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Goodbye LTE, Hello LTE-A

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Since the dawn of time, or at least the launch of data plans on phones, we have all wanted faster speeds and the ability to do more. 3G technology brought us all something to be excited about; we were all given data speeds that allowed quicker Web browsing, music downloads, games, etc. Then we were all graced with the 4G experience on our smart phones. The difference in 3G and 4G speeds was such a huge contrast that it almost seemed unfair to own a phone or have a carrier that wasn’t 4G capable. To make this all very simple, at a minimum, you want 4G speeds if you can get them. From Facebooking, to MMO games, and now the ever more popular music downloading, you’ll see the best results with 4G. With all of the basics, the biggest thing to know is the true benefit of these increases in network technology. 3G towers average a reliable data connection to around 60-100 users. 4G, however, not only doubles that number to around 100-200 users, it also provides a dramatic latency reduction to them at the same time. When you have a network coverage like 4G that not only supports more people to any given tower, but takes care of their data requirements 10 times faster, you have a local network that manages its users far more efficiently than the latter network.

 Now let’s delve into the pure joy of using a 4G LTE network. LTE, unlike 3G and 4G, uses different frequencies that allow it to provide a dramatic increase in upload and download speeds and more intelligently control its frequency. How does that really benefit the people on its network? Think of how rush hour traffic jams can lock hundreds of cars on a busy highway all at once. Their first intentions are usually to hop on their cell phones to pass the time. 100 people using 3G and 4G phones that are all tapping into a network tower will be struggling with congestion, very slow data speeds, dropped and even missed calls. This is all due to the way these networks control data usage. In short, it’s a free-for-all where the better phones will experience the better part of the congestion. Now 100 people stuck on the highway using an LTE network will not only experience less or zero congestion, but because LTE towers use different frequencies and provide a much greater amount of data to disperse, you’ll happily get to Facebook while not having to worry about missing a call. Smarter networks are giving the consumers what they pay for.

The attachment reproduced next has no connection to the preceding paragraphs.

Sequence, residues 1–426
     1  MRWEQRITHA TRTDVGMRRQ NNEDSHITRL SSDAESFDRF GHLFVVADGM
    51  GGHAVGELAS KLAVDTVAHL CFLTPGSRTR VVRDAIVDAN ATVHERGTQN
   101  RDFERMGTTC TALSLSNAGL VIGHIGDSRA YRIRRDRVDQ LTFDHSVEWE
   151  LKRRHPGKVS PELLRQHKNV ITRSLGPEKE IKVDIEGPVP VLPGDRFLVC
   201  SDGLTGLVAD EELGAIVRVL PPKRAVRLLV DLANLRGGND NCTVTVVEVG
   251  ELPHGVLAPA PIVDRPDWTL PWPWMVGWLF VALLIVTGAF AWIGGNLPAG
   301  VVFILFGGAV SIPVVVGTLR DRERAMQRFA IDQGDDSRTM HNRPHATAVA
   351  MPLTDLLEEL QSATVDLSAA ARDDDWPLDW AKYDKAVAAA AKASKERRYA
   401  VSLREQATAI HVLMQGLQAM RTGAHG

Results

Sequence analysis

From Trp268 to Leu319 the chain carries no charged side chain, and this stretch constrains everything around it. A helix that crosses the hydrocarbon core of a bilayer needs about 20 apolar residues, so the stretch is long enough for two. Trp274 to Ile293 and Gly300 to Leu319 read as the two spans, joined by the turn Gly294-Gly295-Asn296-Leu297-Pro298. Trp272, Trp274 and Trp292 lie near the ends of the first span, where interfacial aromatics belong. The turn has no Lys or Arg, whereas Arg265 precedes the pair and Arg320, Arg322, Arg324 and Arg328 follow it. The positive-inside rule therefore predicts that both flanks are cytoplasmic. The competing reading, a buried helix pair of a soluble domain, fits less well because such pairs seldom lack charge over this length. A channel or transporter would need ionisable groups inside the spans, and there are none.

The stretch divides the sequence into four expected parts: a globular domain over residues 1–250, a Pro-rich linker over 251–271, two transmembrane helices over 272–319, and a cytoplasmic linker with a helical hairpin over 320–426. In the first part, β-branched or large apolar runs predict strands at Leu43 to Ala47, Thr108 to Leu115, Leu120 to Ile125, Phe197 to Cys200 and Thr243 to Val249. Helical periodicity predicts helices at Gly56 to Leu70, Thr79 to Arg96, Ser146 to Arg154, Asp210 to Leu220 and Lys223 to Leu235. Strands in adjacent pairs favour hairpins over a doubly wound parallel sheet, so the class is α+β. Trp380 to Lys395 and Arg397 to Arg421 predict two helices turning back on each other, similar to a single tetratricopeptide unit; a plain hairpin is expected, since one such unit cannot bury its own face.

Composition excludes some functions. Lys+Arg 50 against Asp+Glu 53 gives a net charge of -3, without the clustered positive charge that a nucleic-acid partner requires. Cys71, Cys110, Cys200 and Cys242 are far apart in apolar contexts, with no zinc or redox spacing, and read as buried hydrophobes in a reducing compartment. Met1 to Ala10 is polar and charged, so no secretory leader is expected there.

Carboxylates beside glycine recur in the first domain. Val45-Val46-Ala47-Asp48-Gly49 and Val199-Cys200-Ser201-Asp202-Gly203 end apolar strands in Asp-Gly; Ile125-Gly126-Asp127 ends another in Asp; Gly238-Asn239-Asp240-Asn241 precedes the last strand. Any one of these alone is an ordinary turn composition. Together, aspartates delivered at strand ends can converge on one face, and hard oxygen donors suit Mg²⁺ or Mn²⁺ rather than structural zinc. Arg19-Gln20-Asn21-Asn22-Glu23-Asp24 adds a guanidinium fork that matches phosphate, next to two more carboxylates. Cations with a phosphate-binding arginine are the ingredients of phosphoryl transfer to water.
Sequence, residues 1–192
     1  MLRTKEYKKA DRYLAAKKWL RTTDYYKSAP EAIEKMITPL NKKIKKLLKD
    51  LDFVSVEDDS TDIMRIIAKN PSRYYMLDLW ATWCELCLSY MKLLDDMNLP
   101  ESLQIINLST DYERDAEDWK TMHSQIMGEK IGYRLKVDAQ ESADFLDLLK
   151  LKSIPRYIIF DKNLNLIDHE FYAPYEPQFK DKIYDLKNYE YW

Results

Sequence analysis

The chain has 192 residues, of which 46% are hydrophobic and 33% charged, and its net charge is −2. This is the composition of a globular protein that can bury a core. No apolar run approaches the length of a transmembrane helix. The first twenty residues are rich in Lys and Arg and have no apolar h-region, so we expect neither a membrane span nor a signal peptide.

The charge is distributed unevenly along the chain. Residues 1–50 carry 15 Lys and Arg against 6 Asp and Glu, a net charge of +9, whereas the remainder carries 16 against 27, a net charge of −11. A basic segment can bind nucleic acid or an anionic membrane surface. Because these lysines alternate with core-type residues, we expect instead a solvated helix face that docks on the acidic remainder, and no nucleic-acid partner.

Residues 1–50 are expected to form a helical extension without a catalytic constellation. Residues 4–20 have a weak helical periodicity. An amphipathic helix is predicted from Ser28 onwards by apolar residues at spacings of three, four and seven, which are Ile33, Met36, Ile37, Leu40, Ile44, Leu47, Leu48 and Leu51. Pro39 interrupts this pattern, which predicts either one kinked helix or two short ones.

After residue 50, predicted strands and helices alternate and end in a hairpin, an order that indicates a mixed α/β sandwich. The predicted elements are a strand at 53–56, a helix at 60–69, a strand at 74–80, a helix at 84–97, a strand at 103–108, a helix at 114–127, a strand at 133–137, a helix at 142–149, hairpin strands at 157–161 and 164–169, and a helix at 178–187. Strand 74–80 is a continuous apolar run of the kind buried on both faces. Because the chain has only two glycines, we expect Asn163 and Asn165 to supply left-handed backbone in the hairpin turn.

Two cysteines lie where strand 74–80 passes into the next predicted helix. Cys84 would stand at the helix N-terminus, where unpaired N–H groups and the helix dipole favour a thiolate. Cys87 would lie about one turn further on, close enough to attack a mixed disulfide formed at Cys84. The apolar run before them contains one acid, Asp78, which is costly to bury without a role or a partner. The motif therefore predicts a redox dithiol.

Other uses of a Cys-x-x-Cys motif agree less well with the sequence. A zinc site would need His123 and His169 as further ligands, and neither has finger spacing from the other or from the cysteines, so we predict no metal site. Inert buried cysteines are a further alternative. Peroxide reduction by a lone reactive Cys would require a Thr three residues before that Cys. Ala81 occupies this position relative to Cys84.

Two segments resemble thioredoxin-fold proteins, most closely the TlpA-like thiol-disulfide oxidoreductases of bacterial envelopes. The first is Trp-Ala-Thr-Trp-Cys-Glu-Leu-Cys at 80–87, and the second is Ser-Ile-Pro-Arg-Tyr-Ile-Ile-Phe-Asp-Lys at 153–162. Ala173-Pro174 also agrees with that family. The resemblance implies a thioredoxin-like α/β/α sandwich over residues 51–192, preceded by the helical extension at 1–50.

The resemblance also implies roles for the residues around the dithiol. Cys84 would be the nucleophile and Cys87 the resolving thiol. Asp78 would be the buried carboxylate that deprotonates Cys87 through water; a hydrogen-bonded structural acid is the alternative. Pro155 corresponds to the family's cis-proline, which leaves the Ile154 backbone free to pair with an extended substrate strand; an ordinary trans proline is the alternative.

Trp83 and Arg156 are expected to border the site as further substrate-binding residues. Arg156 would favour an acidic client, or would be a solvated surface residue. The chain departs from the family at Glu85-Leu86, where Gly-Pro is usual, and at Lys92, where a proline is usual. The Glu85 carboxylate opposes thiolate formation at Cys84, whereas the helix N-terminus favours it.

If 3G, 4G, and 4G LTE weren’t enough to swallow, Samsung has announced it will be the first company to launch a phone with 4G LTE-A (Long Term Evolution-Advanced) that is set to be released in South Korea. LTE-A promises to provide over double the speeds that standard LTE networks are providing now. In fact, Samsung is stating it is the true standard in 4G technology. Now every bit of detail is clear on this new technology, but from what I have gathered, it will provide benefits with huge data capabilities, range expansions, an even more complex multi-frequency technology, and smaller network cells. Think of the cells like this: with a main radio signal connecting to 6 cells, it is disbursing its connections to cellular devices as they are in range. Old technology not only has less cells that are larger, they stay active even when there is no requirement for their use. The new Smaller Cell approach will have more cells that are smaller, combined with range expansion packs. This allows the pass off in a network at an almost constant state to provide the best connection possible at all times, and at a further distance than previously allowed. Here’s the greatest part of how LTE-A is going to make networks more reliable: these smaller cells, unlike current cells, go into a dormant state when there is no demand on them to disburse a signal. So instead of wasting data on 6 cells that are constantly on, providing a less reliable call and data experience, you have a 6 cell area that can have only 3 actually needing to be active. So people in range of those 3 cells are getting all that the main network tower has to offer because it’s not wasting its radio transmission to 3 cells that aren’t even being used. In a nutshell, this means you are getting all the performance your LTE-A connection has to offer, all the time. With its expected multi-carrier tower connections providing extremely high data peaks of 1 Gbps, even in the off chance your network is overrun at one time, you’ll be able to happily use your mobile device with blazing fast speeds. Oh! Did I happen to mention LTE-A has an average download rate of 150 Mbps? Ya…Wow!

 We will be waiting, though, for this technology to roll out in the states because we are just maximizing our standard LTE potential as of now. But knowing we are becoming more consistent with technological upgrades, more so in the cellular world, I’d expect small LTE-A markets to start rolling out by the end of 2014. Till then, though, we will have to make do.

Source: SkyNet Solutions

By: Chris Raines

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